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Is it? Is it? Can it be?£¬You, Candy, and be damned to you, you don't pull an ounce, you blackguard! Stand up to that gun, sir; I'll teach you to be grinning over a rope that way, without lending your pound of beef to it. Boatswain's mate, where's your colt? Give that man a dozen.¡£For, not to speak of the other and subtler meanings which lie crouching behind the colossal haunches of this stone, regarded as the menacingly impending Terror Stone¡ªhidden to all the simple cottagers, but revealed to Pierre¡ªconsider its aspects as the Memnon Stone. For Memnon was that dewey, royal boy, son of Aurora, and born King of Egypt, who, with enthusiastic rashness flinging himself on another's account into a rightful quarrel, fought hand to hand with his overmatch, and met his boyish and most dolorous death beneath the walls of Troy. His wailing subjects built a monument in Egypt to commemorate his untimely fate. Touched by the breath of the bereaved Aurora, every sunrise that statue gave forth a mournful broken sound, as of a harp-string suddenly sundered, being too harshly wound.¡£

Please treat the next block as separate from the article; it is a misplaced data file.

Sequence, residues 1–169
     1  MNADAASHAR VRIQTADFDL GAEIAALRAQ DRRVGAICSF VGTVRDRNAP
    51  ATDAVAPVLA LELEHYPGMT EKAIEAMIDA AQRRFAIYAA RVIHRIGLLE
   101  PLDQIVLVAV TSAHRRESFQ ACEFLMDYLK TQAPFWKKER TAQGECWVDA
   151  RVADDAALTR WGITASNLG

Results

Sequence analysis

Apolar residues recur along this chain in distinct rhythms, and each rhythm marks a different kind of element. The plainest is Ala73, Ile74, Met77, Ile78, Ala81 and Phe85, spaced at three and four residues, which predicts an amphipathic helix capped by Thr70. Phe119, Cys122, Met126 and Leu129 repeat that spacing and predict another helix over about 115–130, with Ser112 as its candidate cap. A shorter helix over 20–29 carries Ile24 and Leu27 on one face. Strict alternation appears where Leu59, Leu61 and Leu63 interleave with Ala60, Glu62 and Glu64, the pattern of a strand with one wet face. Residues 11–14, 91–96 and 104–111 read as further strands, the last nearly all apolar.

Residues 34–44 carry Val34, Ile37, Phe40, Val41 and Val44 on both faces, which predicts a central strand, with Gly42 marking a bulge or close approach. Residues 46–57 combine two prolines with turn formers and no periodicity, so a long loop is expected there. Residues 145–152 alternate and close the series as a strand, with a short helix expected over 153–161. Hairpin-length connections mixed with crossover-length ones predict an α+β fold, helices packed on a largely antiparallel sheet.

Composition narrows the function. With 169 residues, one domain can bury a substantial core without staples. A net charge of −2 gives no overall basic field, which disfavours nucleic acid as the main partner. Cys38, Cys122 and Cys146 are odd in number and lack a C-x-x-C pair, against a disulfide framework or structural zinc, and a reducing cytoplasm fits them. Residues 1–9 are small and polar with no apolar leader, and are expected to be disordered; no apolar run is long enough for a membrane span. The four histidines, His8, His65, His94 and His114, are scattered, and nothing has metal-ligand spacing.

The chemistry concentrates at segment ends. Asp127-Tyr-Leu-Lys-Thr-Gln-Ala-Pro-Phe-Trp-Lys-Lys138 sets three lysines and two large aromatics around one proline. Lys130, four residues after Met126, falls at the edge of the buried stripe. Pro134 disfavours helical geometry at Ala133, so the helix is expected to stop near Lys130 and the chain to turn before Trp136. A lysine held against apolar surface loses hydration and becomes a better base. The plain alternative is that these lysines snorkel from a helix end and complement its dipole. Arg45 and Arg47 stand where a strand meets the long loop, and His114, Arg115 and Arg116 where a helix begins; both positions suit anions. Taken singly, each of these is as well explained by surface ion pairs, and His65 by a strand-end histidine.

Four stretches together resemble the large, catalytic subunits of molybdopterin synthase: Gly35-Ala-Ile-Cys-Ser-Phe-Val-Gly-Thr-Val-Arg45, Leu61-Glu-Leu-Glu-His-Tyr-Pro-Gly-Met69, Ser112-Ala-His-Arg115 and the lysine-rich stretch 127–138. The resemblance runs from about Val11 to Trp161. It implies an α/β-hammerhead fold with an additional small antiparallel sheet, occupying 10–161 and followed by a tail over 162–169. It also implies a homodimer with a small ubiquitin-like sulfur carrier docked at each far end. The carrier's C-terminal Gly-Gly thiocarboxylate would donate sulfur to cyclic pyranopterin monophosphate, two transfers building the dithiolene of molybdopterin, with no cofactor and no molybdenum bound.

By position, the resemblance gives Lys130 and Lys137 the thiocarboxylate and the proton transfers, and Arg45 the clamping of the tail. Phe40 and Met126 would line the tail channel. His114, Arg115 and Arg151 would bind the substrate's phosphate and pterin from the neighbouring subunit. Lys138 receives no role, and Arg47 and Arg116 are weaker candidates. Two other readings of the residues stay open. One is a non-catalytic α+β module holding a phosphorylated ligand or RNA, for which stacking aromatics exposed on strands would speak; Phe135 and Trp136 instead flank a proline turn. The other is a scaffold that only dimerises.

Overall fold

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Don't let us stop here£¬In his unhappy end, not unmindful of the rare genius of the mechanician, the republic decreed him a stately funeral. It was resolved that the great bell¡ªthe one whose casting had been jeopardized through the timidity of the ill-starred workman¡ªshould be rung upon the entrance of the bier into the cathedral. The most robust man of the country round was assigned the office of bell-ringer.¡£Acting accordingly, next day I thus addressed him: ¡£